8. ext. 12. Well, don’t you have to believe that nature plays tricks on human bodies? People can tolerate these tricks because they are not exactly ferocious ones, but they must also be counted as miracles. Take for example the son of King Prusias of Bithynia, who had the same name as his father.1 Instead of an upper row of teeth, he had one single bone that came down the same length all around. It was not so ugly to look at, and it was not at all awkward for him to use it.

8. ext. 13. On the other hand, Drypetine, the daughter of King Mithridates and Queen Laodice, looked very ugly because of her double row of teeth.2 She joined her father in exile when he was defeated by Pompey.3

8. ext. 14. A man had eyes that were quite amazing. It is a definite fact that he had very sharp eyesight and that he could even see the Carthaginian ships setting sail if he looked out from the harbour of Lilybaeum.4

8. ext. 15. The heart of Aristomenes of Messenia was even more amazing than the eyes of that man.5 Aristomenes had often been captured and then escaped through trickery, but the Athenians finally got him. Intrigued by his exceptional intelligence, they cut open his heart, and discovered that it was full of hairs.6

8. ext. 16. The poet Antipater of Sidon caught a fever every year on one day only – his birthday.7 When he reached the end of his days, he was finished off on his birthday by this illness, which attacked him at its usual time.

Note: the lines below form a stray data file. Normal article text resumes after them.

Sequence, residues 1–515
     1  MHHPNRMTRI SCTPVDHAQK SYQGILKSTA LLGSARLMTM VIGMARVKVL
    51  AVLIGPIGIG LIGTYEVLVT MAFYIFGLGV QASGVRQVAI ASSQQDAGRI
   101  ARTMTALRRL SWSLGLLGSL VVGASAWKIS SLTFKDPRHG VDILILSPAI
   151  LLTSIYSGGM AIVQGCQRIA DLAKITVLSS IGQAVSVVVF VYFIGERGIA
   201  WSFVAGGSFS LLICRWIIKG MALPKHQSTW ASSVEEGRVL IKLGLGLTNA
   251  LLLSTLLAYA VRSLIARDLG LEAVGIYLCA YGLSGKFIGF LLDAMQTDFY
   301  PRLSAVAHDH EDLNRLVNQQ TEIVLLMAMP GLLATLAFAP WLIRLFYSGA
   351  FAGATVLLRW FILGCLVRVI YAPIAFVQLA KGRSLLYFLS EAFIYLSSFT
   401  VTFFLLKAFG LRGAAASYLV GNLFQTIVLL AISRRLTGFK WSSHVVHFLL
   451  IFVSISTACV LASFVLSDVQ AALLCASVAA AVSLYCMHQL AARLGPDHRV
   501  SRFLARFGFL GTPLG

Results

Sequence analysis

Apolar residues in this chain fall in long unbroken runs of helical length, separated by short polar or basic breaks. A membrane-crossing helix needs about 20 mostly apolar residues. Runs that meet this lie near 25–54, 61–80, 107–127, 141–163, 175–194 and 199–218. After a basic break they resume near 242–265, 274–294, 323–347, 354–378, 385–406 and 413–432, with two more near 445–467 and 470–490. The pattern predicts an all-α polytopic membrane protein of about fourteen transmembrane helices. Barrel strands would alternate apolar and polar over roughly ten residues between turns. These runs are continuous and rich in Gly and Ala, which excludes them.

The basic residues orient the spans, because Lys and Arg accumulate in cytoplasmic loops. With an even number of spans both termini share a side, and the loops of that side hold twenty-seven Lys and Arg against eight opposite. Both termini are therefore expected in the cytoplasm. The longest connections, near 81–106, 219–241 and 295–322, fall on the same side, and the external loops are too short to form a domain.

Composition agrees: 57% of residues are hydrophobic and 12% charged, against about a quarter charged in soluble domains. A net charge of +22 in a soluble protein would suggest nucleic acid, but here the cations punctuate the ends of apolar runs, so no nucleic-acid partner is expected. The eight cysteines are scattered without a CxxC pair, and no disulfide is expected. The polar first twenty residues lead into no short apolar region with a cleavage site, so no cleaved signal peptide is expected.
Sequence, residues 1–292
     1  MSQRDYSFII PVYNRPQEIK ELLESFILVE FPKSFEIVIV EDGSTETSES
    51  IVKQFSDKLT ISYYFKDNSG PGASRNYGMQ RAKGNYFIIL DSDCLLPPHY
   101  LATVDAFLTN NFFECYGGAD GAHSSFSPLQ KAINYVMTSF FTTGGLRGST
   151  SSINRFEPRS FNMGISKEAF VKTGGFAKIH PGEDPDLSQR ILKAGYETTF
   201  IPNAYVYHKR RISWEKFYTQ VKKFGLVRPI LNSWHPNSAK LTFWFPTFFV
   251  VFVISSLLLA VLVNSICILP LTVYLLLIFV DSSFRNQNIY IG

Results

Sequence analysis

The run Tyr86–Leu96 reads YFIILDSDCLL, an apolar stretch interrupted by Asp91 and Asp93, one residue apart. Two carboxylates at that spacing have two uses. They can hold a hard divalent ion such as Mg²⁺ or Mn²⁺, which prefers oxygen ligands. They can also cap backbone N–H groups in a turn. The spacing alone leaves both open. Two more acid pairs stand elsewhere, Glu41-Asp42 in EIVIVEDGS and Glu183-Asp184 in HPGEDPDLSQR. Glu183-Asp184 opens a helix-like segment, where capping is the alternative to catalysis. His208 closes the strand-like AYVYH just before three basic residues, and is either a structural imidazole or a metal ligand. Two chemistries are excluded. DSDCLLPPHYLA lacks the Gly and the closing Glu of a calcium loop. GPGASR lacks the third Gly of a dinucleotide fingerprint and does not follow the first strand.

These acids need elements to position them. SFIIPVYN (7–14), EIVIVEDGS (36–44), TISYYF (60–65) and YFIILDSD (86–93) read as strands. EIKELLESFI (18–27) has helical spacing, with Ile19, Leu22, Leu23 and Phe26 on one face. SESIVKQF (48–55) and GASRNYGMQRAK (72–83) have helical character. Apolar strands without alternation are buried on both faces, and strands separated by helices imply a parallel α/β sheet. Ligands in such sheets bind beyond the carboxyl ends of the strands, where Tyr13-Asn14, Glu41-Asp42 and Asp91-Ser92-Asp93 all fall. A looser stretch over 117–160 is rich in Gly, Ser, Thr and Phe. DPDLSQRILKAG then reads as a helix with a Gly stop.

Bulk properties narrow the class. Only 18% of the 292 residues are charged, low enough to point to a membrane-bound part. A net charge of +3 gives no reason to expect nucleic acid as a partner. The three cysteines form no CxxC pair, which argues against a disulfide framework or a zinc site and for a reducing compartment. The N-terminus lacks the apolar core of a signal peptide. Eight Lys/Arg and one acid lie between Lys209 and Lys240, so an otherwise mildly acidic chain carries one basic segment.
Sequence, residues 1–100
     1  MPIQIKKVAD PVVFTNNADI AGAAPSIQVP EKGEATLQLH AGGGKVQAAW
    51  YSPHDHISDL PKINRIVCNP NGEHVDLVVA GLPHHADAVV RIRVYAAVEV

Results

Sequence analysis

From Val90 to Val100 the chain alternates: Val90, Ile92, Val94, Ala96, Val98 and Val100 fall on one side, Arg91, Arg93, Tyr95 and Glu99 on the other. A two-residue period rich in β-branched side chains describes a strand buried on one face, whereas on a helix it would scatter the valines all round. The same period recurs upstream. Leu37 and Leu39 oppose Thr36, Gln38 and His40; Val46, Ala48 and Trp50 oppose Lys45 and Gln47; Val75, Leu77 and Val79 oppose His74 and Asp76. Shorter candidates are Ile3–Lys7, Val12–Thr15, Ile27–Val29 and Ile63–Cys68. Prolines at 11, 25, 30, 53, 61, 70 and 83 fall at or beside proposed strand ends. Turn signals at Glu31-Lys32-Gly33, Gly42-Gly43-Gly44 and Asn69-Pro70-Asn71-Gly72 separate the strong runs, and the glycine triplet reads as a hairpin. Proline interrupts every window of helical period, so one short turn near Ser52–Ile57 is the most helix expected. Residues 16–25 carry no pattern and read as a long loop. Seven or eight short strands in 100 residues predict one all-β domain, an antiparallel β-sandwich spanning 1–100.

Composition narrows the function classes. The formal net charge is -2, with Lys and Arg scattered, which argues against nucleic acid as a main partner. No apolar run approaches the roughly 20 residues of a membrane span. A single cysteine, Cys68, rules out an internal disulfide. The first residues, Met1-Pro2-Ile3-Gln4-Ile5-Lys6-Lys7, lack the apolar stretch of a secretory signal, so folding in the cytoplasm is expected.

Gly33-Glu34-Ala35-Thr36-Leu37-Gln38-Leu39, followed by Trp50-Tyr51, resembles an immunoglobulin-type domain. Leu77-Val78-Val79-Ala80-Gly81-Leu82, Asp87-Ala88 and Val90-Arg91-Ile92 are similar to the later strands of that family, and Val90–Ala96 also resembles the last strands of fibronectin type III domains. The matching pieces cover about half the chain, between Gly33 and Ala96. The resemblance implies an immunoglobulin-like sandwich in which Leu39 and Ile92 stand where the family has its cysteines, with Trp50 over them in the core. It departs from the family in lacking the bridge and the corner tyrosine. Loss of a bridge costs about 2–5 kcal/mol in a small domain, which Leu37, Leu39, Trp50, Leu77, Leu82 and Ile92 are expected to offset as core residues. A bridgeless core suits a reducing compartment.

8. ext. 17. It is a good place to tell the story of the philosophers, Polystratus and Hippoclides.8 They were born on the same day, followed the same philosophical school founded by Epicurus,9 shared the fortunes they had inherited, set up a school together, and when they had reached a ripe old age, died at the same time. Who could avoid thinking that this great equal partnership in fortune and in friendship was produced, nourished, and brought to completion in the bosom of the goddess Concord herself?

Valerius Maximus, Memorable Deeds and Sayings; One Thousand Tales from Ancient Rome, trans. Henry John Walker, Hackett Publishing: 2004, p. 41.

1Prusias Monodous (“one-toothed”) was the son of Prusias II (king of Bithynia from 181-149 B.C.E.).

2Mithridates VI was king of Pontus from 120 to 63 B.C.E.

3Mithridates VI was defeated by Pompey in 66 B.C.E. and had to flee from his kingdom. Drypetine died on the journey.

4Lilybaeum was on the west coast of Sicily and over 100 miles from Carthage in north Africa.

5Aristomenes was the hero of the Messenian rebellion against Sparta in the first half of the seventh century B.C.E.

6Aristomenes was captured and killed by the Spartans, not the Athenians.

7Antipater of Sidon (in Phoenicia) wrote Greek epigrams in the second century B.C.E.

8Polystratus was an Epicurean philospher of the third century B.C.E. He was the third head of the Epicurean School.

9Epicurus founded his philosophical school in Athens in 306 B.C.E.